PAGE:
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Pneumococcal disease: more cases but fewer deaths

The vaccine given to children to immunise against serious pneumococcal disease does not offer full protection, reveals research from the Sahlgrenska Academy at the University of Gothenburg, Sweden, finding that the number of cases diagnosed has tripled over the past 50 years.

Each year an estimated 1 million children worldwide die as a result of pneumococcal disease. Worst affected are those in poor countries, but pneumococcal bacteria cause disease and suffering in all age groups and in all countries, including Sweden.

There are currently two types of active vaccine: polysaccharide vaccines, which protect against more types of pneumococcal bacteria but cannot be given to children under the age of two, and conjugated vaccines, which can be given to infants but protect against fewer types.

In his thesis, Erik Backhaus, infection specialist at Skövde Hospital and doctoral student at the University of Gothenburg’s Sahlgrenska Academy, looks at all cases of serious pneumococcal disease in children and adults in the Västra Götaland region of Sweden between 1998 and 2001. His studies show that the latest conjugated vaccines theoretically offer protection against around 70% of infections. “But around 95% of infections are caused by serotypes covered by the polysaccharide vaccine,” says Backhaus. “This vaccine cannot be administered to children under two years of age, which means that it cannot be used in those who need it most.”

Risk of death is age-related
In the worst case, the bacteria cause serious disease from which around 10% of patients die within a month of diagnosis. Erik Backhaus shows in his thesis that the risk of dying depends partly on age and partly on underlying medical conditions, but also that the risk is higher for men than women. Interestingly there are also geographical variations: fewer serious pneumococcal infections are diagnosed in the over-80s in the Gothenburg area than in other parts of the Västra Götaland region.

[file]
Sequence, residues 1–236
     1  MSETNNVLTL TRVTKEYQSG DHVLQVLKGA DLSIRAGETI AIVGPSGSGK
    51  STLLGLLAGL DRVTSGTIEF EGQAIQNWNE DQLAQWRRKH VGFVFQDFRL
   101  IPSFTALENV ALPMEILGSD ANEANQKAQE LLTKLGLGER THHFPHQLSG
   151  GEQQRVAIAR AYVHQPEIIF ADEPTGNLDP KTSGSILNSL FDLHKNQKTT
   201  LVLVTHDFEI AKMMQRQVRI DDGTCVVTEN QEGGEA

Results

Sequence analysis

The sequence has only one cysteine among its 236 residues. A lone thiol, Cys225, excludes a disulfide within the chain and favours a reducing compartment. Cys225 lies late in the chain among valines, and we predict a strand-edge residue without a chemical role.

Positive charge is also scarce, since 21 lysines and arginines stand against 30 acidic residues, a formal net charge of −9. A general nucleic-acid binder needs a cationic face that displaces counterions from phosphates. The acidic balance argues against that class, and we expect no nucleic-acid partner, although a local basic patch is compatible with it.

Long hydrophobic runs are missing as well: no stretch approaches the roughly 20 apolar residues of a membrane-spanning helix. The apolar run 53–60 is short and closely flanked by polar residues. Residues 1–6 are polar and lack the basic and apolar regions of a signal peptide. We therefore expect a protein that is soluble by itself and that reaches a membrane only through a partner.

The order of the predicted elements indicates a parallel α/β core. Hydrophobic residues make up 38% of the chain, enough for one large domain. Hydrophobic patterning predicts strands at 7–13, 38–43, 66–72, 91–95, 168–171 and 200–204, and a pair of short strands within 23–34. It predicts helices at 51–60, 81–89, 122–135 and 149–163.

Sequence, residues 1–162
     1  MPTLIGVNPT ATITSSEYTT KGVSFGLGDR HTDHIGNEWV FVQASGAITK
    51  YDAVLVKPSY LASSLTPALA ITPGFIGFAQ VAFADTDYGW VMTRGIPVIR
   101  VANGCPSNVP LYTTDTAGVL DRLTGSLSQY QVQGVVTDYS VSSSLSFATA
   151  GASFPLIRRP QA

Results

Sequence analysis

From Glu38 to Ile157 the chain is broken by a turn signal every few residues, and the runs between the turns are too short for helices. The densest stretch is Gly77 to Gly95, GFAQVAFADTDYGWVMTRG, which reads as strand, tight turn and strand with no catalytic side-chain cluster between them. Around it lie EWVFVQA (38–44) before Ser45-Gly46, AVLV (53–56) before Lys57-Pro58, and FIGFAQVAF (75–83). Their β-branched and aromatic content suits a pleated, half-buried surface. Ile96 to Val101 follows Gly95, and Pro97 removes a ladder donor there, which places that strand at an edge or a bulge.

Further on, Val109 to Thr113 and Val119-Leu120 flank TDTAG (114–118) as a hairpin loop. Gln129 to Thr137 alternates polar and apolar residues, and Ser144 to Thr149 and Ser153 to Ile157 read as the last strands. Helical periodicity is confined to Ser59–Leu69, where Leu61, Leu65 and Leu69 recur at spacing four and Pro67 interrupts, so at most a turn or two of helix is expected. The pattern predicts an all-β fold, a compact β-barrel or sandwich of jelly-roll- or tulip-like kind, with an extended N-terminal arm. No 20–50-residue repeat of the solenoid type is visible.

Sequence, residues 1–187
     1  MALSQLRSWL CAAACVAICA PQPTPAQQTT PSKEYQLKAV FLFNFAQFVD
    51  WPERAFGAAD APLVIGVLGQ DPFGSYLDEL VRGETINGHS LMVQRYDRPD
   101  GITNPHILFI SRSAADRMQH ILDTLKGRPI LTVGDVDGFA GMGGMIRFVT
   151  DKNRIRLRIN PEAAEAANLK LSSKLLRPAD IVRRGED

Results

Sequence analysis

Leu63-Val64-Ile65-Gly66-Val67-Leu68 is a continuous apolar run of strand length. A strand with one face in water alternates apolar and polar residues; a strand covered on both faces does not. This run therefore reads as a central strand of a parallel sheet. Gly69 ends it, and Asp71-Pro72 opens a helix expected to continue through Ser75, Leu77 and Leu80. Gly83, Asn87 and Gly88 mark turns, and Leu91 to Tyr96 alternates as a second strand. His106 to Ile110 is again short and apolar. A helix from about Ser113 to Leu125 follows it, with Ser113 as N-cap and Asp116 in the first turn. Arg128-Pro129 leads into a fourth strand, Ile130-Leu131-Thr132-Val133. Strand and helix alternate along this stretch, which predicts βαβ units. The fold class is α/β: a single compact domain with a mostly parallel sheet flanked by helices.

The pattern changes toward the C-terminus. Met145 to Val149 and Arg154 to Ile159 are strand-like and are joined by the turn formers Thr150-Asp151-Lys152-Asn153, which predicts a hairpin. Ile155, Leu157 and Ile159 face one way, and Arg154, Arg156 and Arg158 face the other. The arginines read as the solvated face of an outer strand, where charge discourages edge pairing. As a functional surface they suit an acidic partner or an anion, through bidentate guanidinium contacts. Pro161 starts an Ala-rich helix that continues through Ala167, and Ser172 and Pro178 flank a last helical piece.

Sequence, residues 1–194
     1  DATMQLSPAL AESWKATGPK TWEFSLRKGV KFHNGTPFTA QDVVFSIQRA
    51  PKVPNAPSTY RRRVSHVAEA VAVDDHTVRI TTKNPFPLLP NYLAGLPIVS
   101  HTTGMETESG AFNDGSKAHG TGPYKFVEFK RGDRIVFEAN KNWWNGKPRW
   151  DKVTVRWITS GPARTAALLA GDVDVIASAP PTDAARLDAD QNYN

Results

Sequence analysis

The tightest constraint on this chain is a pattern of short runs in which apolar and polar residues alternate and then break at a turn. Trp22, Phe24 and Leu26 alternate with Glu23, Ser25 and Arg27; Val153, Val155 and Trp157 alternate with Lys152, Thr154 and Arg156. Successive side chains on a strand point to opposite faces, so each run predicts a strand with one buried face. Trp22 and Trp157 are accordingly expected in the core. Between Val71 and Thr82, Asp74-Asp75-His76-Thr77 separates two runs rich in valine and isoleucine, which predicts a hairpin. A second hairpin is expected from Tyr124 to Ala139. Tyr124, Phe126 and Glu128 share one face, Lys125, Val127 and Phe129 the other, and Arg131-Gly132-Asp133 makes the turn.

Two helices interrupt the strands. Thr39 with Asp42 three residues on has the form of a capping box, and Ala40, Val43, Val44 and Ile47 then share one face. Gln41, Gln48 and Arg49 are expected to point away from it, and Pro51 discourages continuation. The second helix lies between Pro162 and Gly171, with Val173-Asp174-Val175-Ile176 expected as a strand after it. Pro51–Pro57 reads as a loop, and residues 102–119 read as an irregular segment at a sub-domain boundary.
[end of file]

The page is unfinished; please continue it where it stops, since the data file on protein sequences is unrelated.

“This may be due to different routines for admitting patients from nursing homes to hospital and how often blood cultures are performed,” he explains.

More cases, fewer deaths
Over the past 45 years the number of cases of severe pneumococcal disease diagnosed in the Gothenburg area has tripled from 5 to 15 cases per 100,000 inhabitants per year. This is probably because many more blood cultures are performed these days, meaning that more cases are detected. Erik Backhaus’ thesis shows that the risk of dying as a result of serious pneumococcal disease has fallen sharply since the 1960s, especially among children and young adults.

It is hoped that the recently introduced pneumococcal vaccination as part of the standard child immunisation programme will reduce the number of infections among both children and adults.

The thesis “Invasive Pneumococcal Infections” was successfully defended at the Sahlgrenska Academy’s Institute of Biomedicine on 13 January.

Pneumococcal bacteria belong to the Streptococcus genus and are the most common cause of bacterial respiratory infections. There are 90 different types of pneumococcal bacteria, of which ten are dominant in small children. The diseases caused range from uncomplicated upper respiratory tract infections through pneumonia of varying severity to serious and sometimes life-threatening conditions such as meningitis and septicaemia. The risk of disease is highest among the very young, the very old and those suffering from various chronic diseases.

For more information, please contact:
Erik Backhaus, doctoral student, Sahlgrenska Academy, University of Gothenburg

Helena Aaberg | idw
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